- Status: Compared to the previous month, the April North Pacific SSTs warmed along the North American coast and across much of the Pacific west of the International Dateline, and cooled along and near the Dateline, with the net result being a continuation of an SST anomaly pattern consisting of cooler-than-normal SST anomalies between 30 and 50 degrees North latitude that stretched from near Japan to the North American coast, and warmer-than-normal SSTs north and south of this cool area. The SST anomalies next to the North American coast were cooler than normal in the north and warmer than normal in the south. The average sea level pressure field and its anomaly field for April suggest that the Aleutian Low over the North Pacific was stronger and a little further south than normal, and the Icelandic Low over the North Atlantic was a little weaker than normal. These atmospheric pressure centers of action serve to both generate or intensify low pressure storm systems as well as reflect the migratory path of low pressure systems. The North Pacific High was weaker than normal while the North Atlantic High (Bermuda High) was shifted west closer to the CONUS. Changes in these centers of action, especially the Aleutian Low, can affect downstream weather systems. During April 2017, the upper-level circulation field consisted of below-normal heights, or enhanced troughing, over the northeastern North Pacific and Pacific Northwest and above-normal heights, or enhanced ridging, over the eastern CONUS. The April 2017 monthly EP-NP index was positive while the 3-month running mean was near zero.
- Teleconnections (influence on weather): To the extent teleconnections are known, a positive EP-NP index this time of year (April on the quarterly teleconnection maps) is typically associated with cooler-than-normal temperatures across the CONUS from the Great Plains to East Coast; warmer-than-normal temperatures along the West Coast and over western Alaska; above-normal upper-level circulation anomalies (stronger upper-level ridge) over Alaska, western Canada, and the western CONUS; and below-normal upper-level circulation anomalies across eastern North America (stronger upper-level trough) and over the central North Pacific. The precipitation teleconnections are weak but suggest wetter-than-normal conditions over Wyoming and the Ohio Valley.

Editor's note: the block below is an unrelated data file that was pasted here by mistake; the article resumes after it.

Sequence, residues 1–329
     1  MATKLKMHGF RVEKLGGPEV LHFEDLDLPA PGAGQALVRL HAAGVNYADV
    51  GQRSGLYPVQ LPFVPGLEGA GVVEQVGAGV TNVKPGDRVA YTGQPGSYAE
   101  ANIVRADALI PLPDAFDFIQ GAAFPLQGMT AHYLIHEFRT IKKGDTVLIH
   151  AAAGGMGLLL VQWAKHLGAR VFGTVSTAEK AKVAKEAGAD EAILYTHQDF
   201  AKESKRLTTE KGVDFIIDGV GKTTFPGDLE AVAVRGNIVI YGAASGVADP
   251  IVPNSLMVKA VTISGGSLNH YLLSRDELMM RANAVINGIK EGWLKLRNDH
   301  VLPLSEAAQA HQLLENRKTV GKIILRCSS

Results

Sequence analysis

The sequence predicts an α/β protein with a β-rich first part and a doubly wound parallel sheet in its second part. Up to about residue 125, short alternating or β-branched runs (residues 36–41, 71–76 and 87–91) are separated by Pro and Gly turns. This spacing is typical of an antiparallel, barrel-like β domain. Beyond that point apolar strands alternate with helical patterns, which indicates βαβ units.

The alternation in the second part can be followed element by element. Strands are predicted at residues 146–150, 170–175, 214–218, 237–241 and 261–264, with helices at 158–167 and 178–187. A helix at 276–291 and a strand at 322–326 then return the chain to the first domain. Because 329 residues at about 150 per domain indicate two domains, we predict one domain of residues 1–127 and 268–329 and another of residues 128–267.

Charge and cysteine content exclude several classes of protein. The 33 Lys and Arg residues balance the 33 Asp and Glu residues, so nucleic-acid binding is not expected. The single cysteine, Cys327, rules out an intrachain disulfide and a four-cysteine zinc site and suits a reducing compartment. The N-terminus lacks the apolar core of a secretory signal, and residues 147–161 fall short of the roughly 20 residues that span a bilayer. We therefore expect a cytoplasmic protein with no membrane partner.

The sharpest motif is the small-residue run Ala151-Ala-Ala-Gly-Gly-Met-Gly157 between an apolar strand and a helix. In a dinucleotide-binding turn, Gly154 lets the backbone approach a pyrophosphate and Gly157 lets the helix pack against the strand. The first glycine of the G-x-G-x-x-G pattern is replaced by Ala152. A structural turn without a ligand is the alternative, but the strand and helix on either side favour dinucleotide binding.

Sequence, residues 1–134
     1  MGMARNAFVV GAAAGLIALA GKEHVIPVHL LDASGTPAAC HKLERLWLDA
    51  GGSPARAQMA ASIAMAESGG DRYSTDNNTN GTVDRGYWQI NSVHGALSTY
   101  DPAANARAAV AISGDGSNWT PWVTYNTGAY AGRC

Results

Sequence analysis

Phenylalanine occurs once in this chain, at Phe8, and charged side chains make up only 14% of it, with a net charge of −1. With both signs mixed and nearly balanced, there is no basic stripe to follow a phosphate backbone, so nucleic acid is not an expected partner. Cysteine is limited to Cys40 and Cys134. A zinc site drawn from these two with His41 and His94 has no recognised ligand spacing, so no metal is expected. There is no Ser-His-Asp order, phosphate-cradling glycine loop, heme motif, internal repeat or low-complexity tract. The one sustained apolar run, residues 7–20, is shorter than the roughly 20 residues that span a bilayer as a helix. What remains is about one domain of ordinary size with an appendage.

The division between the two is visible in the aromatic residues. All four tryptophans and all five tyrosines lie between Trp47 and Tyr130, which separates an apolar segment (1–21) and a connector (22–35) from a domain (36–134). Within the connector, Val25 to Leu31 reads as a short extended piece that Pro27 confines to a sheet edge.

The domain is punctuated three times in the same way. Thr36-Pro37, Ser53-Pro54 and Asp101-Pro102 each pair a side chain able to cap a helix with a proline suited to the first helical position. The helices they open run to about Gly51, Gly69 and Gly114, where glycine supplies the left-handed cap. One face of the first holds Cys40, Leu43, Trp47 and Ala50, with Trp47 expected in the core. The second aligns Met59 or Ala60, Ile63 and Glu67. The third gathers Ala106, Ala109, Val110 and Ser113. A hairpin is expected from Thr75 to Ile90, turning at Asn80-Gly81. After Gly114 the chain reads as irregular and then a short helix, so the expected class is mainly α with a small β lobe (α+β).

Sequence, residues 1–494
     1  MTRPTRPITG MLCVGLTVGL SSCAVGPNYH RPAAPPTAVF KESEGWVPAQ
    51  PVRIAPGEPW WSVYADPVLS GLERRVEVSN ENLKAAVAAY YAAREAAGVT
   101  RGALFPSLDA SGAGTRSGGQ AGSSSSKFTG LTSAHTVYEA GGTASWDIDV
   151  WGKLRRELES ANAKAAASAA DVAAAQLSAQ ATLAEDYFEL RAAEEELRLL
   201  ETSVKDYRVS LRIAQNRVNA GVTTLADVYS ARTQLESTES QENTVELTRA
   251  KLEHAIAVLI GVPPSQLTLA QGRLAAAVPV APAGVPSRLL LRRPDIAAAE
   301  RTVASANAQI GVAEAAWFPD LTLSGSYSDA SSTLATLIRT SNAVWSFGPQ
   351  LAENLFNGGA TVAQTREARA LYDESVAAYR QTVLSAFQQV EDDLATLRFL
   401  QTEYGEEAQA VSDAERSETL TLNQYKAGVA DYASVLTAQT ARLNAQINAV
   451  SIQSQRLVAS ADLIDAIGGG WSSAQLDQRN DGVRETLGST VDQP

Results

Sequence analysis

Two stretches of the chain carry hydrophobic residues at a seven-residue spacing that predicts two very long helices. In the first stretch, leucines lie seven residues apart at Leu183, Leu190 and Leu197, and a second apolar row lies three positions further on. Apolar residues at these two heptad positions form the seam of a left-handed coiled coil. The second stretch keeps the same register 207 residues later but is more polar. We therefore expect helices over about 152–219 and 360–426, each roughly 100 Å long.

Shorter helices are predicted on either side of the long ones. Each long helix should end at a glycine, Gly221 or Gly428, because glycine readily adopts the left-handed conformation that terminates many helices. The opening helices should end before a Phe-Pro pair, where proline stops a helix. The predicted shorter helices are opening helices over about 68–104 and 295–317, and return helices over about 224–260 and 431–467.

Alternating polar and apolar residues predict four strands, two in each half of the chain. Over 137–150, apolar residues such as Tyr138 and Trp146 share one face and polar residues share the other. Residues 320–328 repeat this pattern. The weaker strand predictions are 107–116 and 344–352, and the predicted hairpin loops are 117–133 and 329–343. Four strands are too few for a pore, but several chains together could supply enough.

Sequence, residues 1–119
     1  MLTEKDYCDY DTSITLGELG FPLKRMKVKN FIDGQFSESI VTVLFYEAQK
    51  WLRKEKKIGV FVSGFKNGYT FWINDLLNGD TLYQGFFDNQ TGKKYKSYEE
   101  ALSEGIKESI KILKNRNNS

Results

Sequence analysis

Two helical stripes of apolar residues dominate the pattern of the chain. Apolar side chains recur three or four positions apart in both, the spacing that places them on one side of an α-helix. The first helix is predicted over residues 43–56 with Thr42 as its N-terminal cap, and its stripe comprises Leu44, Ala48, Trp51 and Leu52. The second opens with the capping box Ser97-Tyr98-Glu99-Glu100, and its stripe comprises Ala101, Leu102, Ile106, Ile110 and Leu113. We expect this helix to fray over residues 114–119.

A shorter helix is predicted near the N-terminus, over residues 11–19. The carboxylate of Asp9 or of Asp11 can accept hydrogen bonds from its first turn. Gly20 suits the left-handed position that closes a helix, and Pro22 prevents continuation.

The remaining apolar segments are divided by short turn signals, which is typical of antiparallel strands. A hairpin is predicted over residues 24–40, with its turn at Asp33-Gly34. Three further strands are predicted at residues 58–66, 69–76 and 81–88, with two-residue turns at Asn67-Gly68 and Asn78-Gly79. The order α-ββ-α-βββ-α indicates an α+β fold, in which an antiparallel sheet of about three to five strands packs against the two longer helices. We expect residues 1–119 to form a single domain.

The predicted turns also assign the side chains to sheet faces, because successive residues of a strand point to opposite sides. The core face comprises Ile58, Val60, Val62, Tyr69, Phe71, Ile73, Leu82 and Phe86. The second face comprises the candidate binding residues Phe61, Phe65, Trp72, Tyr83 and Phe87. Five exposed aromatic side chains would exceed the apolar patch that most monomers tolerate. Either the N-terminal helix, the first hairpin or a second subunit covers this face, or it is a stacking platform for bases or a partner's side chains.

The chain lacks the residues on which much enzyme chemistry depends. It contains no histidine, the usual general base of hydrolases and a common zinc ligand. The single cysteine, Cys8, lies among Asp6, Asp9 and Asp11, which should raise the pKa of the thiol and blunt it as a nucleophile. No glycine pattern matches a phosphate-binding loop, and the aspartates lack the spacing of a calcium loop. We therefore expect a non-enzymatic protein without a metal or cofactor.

- Comparison to Observed: The April 2017 upper-level circulation anomaly pattern agrees with the teleconnections associated with a positive EP-NP in most areas except the western CONUS. The temperature anomaly pattern does not agree. The precipitation anomaly pattern generally agrees where the few teleconnections exist.
Examination of the available circulation indices and their teleconnection patterns, and comparison to observed April 2017 temperature, precipitation, and circulation anomaly patterns, suggest that the weather over the CONUS in April was traced mostly to atmospheric drivers originating in the mid-latitudes, specifically the North Pacific and North Atlantic Oceans. But none of the indices were a perfect match. The tropical Pacific was in an ENSO-neutral state and the MJO was mostly incoherent. The PNA and AO teleconnections did not match the observed anomaly patterns. There were areas of agreement between the observed circulation anomaly pattern and the teleconnections for the NAO, WP, and EP-NP. None of them matched perfectly by themselves, but taken together they agreed across most of North America and the North Pacific. The observed temperature anomaly pattern might be a good match for the NAO teleconnection if it were shifted laterally a bit. The movement of large closed lows in the upper-level circulation, and the cooler-than-normal temperatures associated with their cloudiness and precipitation, could affect the monthly temperature anomaly pattern to disrupt a teleconnection match. The precipitation teleconnections for all of the circulation indices were either weak or not strongly correlated with the observed precipitation anomaly pattern.
This month illustrates how the weather and climate anomaly patterns can be influenced by atmospheric drivers (or modes of atmospheric variability) originating in the mid-latitudes. It also illustrates how high amplitude circulation anomalies (slow-moving closed lows) can add a random element which disrupts the influence of the main atmospheric drivers.